We will continue to work with the community
I write in response to ‘Two years on’, Eyre Peninsula Tribune, October 19, to address some of the points made by Mr Wakelin.
I thank Mr Wakelin for his continued interest, scrutiny and questions in relation to the process to establish a National Radioactive Waste Management Facility.
It is important that we continuously show we are delivering a fair, transparent and accountable outcome, based on rigorous scientific and technical design and assessment.
Our department believes that our process will do exactly that.
For more than 40 years Australia has been searching for an appropriate location to store our radioactive waste, which is currently spread across more than 100 locations around the country.
Two sites in Kimba and one at Wallerberdina Station were volunteered by their respective landowners, and they are now in a process of rigorous assessment and consultation to understand the technical aspects of the facility and whether the community broadly supports moving forward.
We have opened an office in Kimba so the community can engage directly with us and we have, and will continue to, provide access to independent experts to deliver information and answers questions.
This process is not about transferring problems, it is about finding a permanent long-term solution to decades of Australian radioactive waste.
While our current radioactive waste storage methods are safe they are not built for permanent storage and in many cases not even long-term management.
The National Radioactive Waste Management Facility will be purpose-built and state-of-the-art, posing no risk to people or the environment and therefore will not impact on the reputation or otherwise of a region when it comes to tourism, agriculture or other local industries.
Further, the facility will be overseen by our national radiation safety, security and environmental regulators.
We continue to work with the community to provide the information it needs to make an informed decision on whether this is the right type of industry for the area.
Head of Resources, Department of Industry, Innovation and Science
Aged care should be inclusive
Aged care and in particular care for those with dementia is in the news often because of our ageing population.
I, too, support an appropriate facility for Cleve and surrounding areas (Tribune, October 19) as sending a loved one to Port Lincoln or Elliston can make the distances hard for the carer left behind.
But I hope these aged “homes” don’t end up like the orphanages and mental institutions of yesteryear, with the isolation of the aged.
Before the planning, I think we need to look at the model we are building to see if we can do it better.
Consideration should include shared accommodation, so couples are not by necessity separated.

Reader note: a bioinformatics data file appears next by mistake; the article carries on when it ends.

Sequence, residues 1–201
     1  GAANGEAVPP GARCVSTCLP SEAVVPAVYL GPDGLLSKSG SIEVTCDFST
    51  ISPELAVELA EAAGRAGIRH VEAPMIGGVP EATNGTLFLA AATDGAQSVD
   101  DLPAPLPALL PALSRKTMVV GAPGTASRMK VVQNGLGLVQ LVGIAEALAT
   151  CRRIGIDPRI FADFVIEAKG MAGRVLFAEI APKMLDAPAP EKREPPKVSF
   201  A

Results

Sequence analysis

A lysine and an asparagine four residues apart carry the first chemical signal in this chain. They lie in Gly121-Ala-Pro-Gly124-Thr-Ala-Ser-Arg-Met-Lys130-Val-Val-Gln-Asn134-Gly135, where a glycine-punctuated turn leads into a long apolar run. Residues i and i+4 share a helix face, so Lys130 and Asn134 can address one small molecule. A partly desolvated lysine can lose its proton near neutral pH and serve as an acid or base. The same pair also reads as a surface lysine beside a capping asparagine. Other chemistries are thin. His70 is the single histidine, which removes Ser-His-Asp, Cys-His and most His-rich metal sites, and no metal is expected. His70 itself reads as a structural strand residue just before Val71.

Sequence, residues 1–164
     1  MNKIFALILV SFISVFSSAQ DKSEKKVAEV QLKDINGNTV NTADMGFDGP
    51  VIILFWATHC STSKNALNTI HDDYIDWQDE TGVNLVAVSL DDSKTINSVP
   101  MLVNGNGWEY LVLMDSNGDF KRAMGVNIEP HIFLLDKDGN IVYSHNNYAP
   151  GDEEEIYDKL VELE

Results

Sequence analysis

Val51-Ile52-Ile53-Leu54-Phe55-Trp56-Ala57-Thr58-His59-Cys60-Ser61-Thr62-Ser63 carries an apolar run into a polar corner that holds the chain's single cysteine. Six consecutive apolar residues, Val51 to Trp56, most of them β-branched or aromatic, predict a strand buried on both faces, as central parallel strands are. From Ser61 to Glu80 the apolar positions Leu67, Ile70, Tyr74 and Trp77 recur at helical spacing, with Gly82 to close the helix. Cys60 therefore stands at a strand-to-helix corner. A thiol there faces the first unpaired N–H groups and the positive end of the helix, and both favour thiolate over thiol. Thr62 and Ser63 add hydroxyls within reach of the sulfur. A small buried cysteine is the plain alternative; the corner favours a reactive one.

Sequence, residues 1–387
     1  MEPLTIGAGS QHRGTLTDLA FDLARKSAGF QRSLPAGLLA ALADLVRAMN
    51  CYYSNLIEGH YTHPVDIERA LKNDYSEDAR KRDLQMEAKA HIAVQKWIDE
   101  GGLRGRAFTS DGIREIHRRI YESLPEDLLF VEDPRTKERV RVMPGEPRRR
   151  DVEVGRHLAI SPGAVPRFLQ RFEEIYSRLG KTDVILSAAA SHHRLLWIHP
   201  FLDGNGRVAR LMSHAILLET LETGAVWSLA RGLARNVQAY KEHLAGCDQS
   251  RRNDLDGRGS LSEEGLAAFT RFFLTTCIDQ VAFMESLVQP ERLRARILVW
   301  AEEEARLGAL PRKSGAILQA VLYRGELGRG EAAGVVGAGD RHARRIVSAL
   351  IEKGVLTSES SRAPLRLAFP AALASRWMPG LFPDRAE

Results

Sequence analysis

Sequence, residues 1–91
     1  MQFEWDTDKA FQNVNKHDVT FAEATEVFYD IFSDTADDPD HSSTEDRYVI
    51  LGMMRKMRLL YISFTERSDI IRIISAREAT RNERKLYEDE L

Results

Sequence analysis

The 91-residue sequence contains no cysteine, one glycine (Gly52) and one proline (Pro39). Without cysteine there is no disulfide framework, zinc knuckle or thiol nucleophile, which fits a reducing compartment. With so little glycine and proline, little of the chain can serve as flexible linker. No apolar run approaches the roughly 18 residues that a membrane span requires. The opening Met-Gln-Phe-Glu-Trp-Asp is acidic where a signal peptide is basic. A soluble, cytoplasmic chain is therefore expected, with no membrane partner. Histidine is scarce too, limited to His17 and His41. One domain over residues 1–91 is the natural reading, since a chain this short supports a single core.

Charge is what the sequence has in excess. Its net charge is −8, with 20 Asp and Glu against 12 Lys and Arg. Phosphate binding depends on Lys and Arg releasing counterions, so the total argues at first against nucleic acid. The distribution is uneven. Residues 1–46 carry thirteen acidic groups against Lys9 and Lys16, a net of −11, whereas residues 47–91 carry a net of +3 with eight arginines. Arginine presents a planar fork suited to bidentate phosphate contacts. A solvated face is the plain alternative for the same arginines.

Space for a fold out sofa bed so a loved one (ie grandchild etc) can visit and stay overnight.
This would cost more in the building but in the longer term the partner without dementia becomes part of the caring regime, helping with the care of their loved one, mornings, evenings, weekends, meaning a lessening of actual staff numbers needed, still with backup support so they can go to work (we are being encouraged to work longer), attend family functions etc knowing the loved one is in a safe place.
Other cultures care for their elderly in the family home – Australia sees our children scattered far and wide.
But I think it is a backward step to be splitting up couples (who have often been together many years). It can only be good for the dementia sufferer to be in touch with their familiar partner when they can no longer be safe at home.
There would be hurdles to cross and I could list many but I truly believe it is a discussion we need to have before we keep building and facilities where we lock away a whole section of the community.
Woomera facility tour request
I was asked to join the farmer’s delegation from Buckleboo for the October visit to the Lucas Heights radioactive facility and to meet the relevant Minister in Canberra.
Because of this I took the opportunity and made it known at the Central Eyre Ag Bureau sticky beak day and took concerns from a number of people about the proposed waste dump on Eyre Peninsula.
I was asked again recently how the trip went.
I need to let people know that I didn’t go as the department was concerned about costs and reduced the number of people who went.
Instead I have written to Bruce McCleary and the department to facilitate a tour of the Woomera radioactive waste storage facility.
This facility holds 40 per cent of the waste headed to the new disposal site including medium and low level radioactive waste.
It would be good for us locals to see a country location in its working state and talk to the people that work there now and learn more about the industry.
I am sure there is plenty of interest from Eyre Peninsula and the Flinders Ranges areas.
I will make sure people will know if it goes ahead.